Malte Haupt, Vivien Kauschke, Jonas Sender, Marian Kampschulte, Anna Kovtun, Lutz Dürselen, Christian Heiss, Katrin Susanne Lips Bone status of adult female butyrylcholinesterase gene-deficient mice. Int. Immunopharmacol.: 2015; PMID: 26138460 Jacob L Jaremko, Meaghan Pitts, Walter P Maksymowych, Robert G Lambert Development of Image Overlay and Knowledge Transfer Module Technologies Aimed at Enhancing Feasibility and External Validation of Magnetic Resonance Imaging-based Scoring Systems. J. Rheumatol.: 2015; PMID: 26136486 Regina Ebert, Peggy Benisch, Melanie Krug, Sabine Zeck, Jutta Meißner-Weigl, Andre Steinert, Martina Rauner, Lorenz Hofbauer, Franz Jakob Acute phase serum amyloid A induces proinflammatory cytokines and mineralization via toll-like receptor 4 in mesenchymal stem cells. Stem Cell Res: 2015, 15(1);231-239 PMID: 26135899 Corrie Myburgh, Eleanor Boyle, Henrik H Lauridsen, Lise Hestbaek, Alice Kongsted What influences retrospective self-appraised recovery status among danes with low-back problems? A comparative qualitative investigation. J Rehabil Med: 2015; PMID: 26132377 Peter K Joshi, Tonu Esko, Hannele Mattsson, Niina Eklund, Ilaria Gandin, Teresa Nutile, Anne U Jackson, Claudia Schurmann, Albert V Smith, Weihua Zhang, Yukinori Okada, Alena Stančáková, Jessica D Faul, Wei Zhao, Traci M Bartz, Maria Pina Concas, Nora Franceschini, Stefan Enroth, Veronique Vitart, Stella Trompet, Xiuqing Guo, Daniel I Chasman, Jeffrey R O'Connel, Tanguy Corre, Suraj S Nongmaithem, Yuning Chen, Massimo Mangino, Daniela Ruggiero, Michela Traglia, Aliki-Eleni Farmaki, Tim Kacprowski, Andrew Bjonnes, Ashley van der Spek, Ying Wu, Anil K Giri, Lisa R Yanek, Lihua Wang, Edith Hofer, Cornelius A Rietveld, Olga McLeod, Marilyn C Cornelis, Cristian Pattaro, Niek Verweij, Clemens Baumbach, Abdel Abdellaoui, Helen R Warren, Dragana Vuckovic, Hao Mei, Claude Bouchard, John R B Perry, Stefania Cappellani, Saira S Mirza, Miles C Benton, Ulrich Broeckel, Sarah E Medland, Penelope A Lind, Giovanni Malerba, Alexander Drong, Loic Yengo, Lawrence F Bielak, Degui Zhi, Peter J van der Most, Daniel Shriner, Reedik Mägi, Gibran Hemani, Tugce Karaderi, Zhaoming Wang, Tian Liu, Ilja Demuth, Jing Hua Zhao, Weihua Meng, Lazaros Lataniotis, Sander W van der Laan, Jonathan P Bradfield, Andrew R Wood, Amelie Bonnefond, Tarunveer S Ahluwalia, Leanne M Hall, Erika Salvi, Seyhan Yazar, Lisbeth Carstensen, Hugoline G de Haan, Mark Abney, Uzma Afzal, Matthew A Allison, Najaf Amin, Folkert W Asselbergs, Stephan J L Bakker, R Graham Barr, Sebastian E Baumeister, Daniel J Benjamin, Sven Bergmann, Eric Boerwinkle, Erwin P Bottinger, Archie Campbell, Aravinda Chakravarti, Yingleong Chan, Stephen J Chanock, Constance Chen, Y-D Ida Chen, Francis S Collins, John Connell, Adolfo Correa, L Adrienne Cupples, George Davey Smith, Gail Davies, Marcus Dörr, Georg Ehret, Stephen B Ellis, Bjarke Feenstra, Mary F Feitosa, Ian Ford, Caroline S Fox, Timothy M Frayling, Nele Friedrich, Frank Geller, Generation Scotland, Irina Gillham-Nasenya, Omri Gottesman, Misa Graff, Francine Grodstein, Charles Gu, Chris Haley, Christopher J Hammond, Sarah E Harris, Tamara B Harris, Nicholas D Hastie, Nancy L Heard-Costa, Kauko Heikkilä, Lynne J Hocking, Georg Homuth, Jouke-Jan Hottenga, Jinyan Huang, Jennifer E Huffman, Pirro G Hysi, M Arfan Ikram, Erik Ingelsson, Anni Joensuu, Åsa Johansson, Pekka Jousilahti, J Wouter Jukema, Mika Kähönen, Yoichiro Kamatani, Stavroula Kanoni, Shona M Kerr, Nazir M Khan, Philipp Koellinger, Heikki A Koistinen, Manraj K Kooner, Michiaki Kubo, Johanna Kuusisto, Jari Lahti, Lenore J Launer, Rodney A Lea, Benjamin Lehne, Terho Lehtimäki, David C M Liewald, Lars Lind, Marie Loh, Marja-Liisa Lokki, Stephanie J London, Stephanie J Loomis, Anu Loukola, Yingchang Lu, Thomas Lumley, Annamari Lundqvist, Satu Männistö, Pedro Marques-Vidal, Corrado Masciullo, Angela Matchan, Rasika A Mathias, Koichi Matsuda, James B Meigs, Christa Meisinger, Thomas Meitinger, Cristina Menni, Frank D Mentch, Evelin Mihailov, Lili Milani, May E Montasser, Grant W Montgomery, Alanna Morrison, Richard H Myers, Rajiv Nadukuru, Pau Navarro, Mari Nelis, Markku S Nieminen, Ilja M Nolte, George T O'Connor, Adesola Ogunniyi, Sandosh Padmanabhan, Walter R Palmas, James S Pankow, Inga Patarcic, Francesca Pavani, Patricia A Peyser, Kirsi Pietilainen, Neil Poulter, Inga Prokopenko, Sarju Ralhan, Paul Redmond, Stephen S Rich, Harri Rissanen, Antonietta Robino, Lynda M Rose, Richard Rose, Cinzia Sala, Babatunde Salako, Veikko Salomaa, Antti-Pekka Sarin, Richa Saxena, Helena Schmidt, Laura J Scott, William R Scott, Bengt Sennblad, Sudha Seshadri, Peter Sever, Smeeta Shrestha, Blair H Smith, Jennifer A Smith, Nicole Soranzo, Nona Sotoodehnia, Lorraine Southam, Alice V Stanton, Maria G Stathopoulou, Konstantin Strauch, Rona J Strawbridge, Matthew J Suderman, Nikhil Tandon, Sian-Tsun Tang, Kent D Taylor, Bamidele O Tayo, Anna Maria Töglhofer, Maciej Tomaszewski, Natalia Tšernikova, Jaakko Tuomilehto, Andre G Uitterlinden, Dhananjay Vaidya, Astrid van Hylckama Vlieg, Jessica van Setten, Tuula Vasankari, Sailaja Vedantam, Efthymia Vlachopoulou, Diego Vozzi, Eero Vuoksimaa, Melanie Waldenberger, Erin B Ware, William Wentworth-Shields, John B Whitfield, Sarah Wild, Gonneke Willemsen, Chittaranjan S Yajnik, Jie Yao, Gianluigi Zaza, Xiaofeng Zhu, BioBank Japan Project, Rany M Salem, Mads Melbye, Hans Bisgaard, Nilesh J Samani, Daniele Cusi, David A Mackey, Richard S Cooper, Philippe Froguel, Gerard Pasterkamp, Struan F A Grant, Hakon Hakonarson, Luigi Ferrucci, Robert A Scott, Andrew D Morris, Colin N A Palmer, George Dedoussis, Panos Deloukas, Lars Bertram, Ulman Lindenberger, Sonja I Berndt, Cecilia M Lindgren, Nicholas J Timpson, Anke Tönjes, Patricia B Munroe, Thorkild I A Sørensen, Charles N Rotimi, Donna K Arnett, Albertine J Oldehinkel, Sharon L R Kardia, Beverley Balkau, Giovanni Gambaro, Andrew P Morris, Johan G Eriksson, Margie J Wright, Nicholas G Martin, Steven C Hunt, John M Starr, Ian J Deary, Lyn R Griffiths, Henning Tiemeier, Nicola Pirastu, Jaakko Kaprio, Nicholas J Wareham, Louis Pérusse, James G Wilson, Giorgia Girotto, Mark J Caulfield, Olli Raitakari, Dorret I Boomsma, Christian Gieger, Pim van der Harst, Andrew A Hicks, Peter Kraft, Juha Sinisalo, Paul Knekt, Magnus Johannesson, Patrik K E Magnusson, Anders Hamsten, Reinhold Schmidt, Ingrid B Borecki, Erkki Vartiainen, Diane M Becker, Dwaipayan Bharadwaj, Karen L Mohlke, Michael Boehnke, Cornelia M van Duijn, Dharambir K Sanghera, Alexander Teumer, Eleftheria Zeggini, Andres Metspalu, Paolo Gasparini, Sheila Ulivi, Carole Ober, Daniela Toniolo, Igor Rudan, David J Porteous, Marina Ciullo, Tim D Spector, Caroline Hayward, Josée Dupuis, Ruth J F Loos, Alan F Wright, Giriraj R Chandak, Peter Vollenweider, Alan R Shuldiner, Paul M Ridker, Jerome I Rotter, Naveed Sattar, Ulf Gyllensten, Kari E North, Mario Pirastu, Bruce M Psaty, David R Weir, Markku Laakso, Vilmundur Gudnason, Atsushi Takahashi, John C Chambers, Jaspal S Kooner, David P Strachan, Harry Campbell, Joel N Hirschhorn, Markus Perola, Ozren Polašek, James F Wilson Directional dominance on stature and cognition in diverse human populations. Nature: 2015; PMID: 26131930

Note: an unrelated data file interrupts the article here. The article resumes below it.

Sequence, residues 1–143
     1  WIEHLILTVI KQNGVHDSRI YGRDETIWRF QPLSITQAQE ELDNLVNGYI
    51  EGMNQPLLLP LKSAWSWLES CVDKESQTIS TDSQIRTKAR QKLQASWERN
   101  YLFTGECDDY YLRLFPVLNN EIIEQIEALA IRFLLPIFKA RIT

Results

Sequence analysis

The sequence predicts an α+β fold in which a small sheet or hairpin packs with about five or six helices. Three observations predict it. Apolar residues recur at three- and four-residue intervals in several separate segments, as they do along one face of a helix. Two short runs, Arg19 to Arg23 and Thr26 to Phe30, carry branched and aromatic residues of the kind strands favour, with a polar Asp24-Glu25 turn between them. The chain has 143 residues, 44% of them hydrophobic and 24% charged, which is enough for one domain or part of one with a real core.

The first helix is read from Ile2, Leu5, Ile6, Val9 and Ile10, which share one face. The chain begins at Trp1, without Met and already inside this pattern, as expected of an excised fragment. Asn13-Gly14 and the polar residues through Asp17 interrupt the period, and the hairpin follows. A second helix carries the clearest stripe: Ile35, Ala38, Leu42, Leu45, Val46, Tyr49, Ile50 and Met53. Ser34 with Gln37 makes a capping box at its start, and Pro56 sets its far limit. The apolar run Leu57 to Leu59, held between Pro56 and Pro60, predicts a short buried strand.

| Hill, M.A. (2015). UNSW Embryology (15th ed.) Retrieved July 4, 2015, from https://embryology.med.unsw.edu.au